“Senate President Marc Basnight is a North Carolina institution, but his district is changing underneath him, with many new voters moving in and those voters don’t have the same loyalty to him that long-time residents do,” said Civitas Institute Senior Legislative Analyst Chris Hayes. “Senate District 1 is certainly ‘in play’ this year, the question is, can Richardson raise the money to be competitive?”
Former U.S. House Speaker Newt Gingrich uses his latest Human Eventscolumn to argue against the prospect of a substantive "lame duck" congressional session after the November election.
Political observers have suggested that Democrats — if rejected at the polls in November — would return to Washington at the end of the year to enact legislation that would have no chance of passing in 2011. Gingrich looks to the historical example of the defeated Federalists of 1800 as he makes a case against such an underhanded ploy.
Are the Democrats about to make the same mistake the Federalists made?
Democratic leaders today have been sending clear signals that they are willing to use the lame duck session of Congress to pass the most unpopular and destructive parts of their agenda. Like the Federalists’ actions in 1801, any attempt by the outgoing Congress to pass legislation they were unwilling to defend in an election would be an attempt to thwart the will of the people.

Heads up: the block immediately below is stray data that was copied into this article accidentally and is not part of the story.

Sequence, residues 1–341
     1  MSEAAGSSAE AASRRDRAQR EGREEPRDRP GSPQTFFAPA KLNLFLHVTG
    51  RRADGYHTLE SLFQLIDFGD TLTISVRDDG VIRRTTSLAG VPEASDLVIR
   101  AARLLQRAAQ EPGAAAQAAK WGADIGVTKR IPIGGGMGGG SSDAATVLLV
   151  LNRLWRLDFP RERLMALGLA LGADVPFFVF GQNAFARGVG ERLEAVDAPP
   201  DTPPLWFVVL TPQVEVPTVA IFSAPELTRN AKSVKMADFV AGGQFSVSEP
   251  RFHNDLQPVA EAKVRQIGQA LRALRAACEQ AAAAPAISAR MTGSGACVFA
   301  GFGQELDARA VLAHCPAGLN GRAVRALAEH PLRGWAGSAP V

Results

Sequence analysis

As destructive as the Democratic Congress and President Obama have been in the past 18 months, it is worth remembering that things could have been a lot worse if not for the vocal and consistent activism of the American people opposing the Democrats’ radical agenda.
The Orwellian named Employee Free Choice Act, which would strip workers of the right to a secret ballot when deciding when to join a union, is not yet law.
The job killing energy tax – or cap and trade – passed the House but remains hung up in the Senate.
The Democrats have also not been able to pass an amnesty bill for illegal immigrants.
And let’s not forget that President Obama’s ‘Deficit Commission’ is expected to recommend tax increases, possibly in the form of a value added tax (VAT), that could raise the cost of everything Americans buy. Conveniently, the Commission will not report its findings until after the November 2nd elections, just in time for a lame duck Congressional session.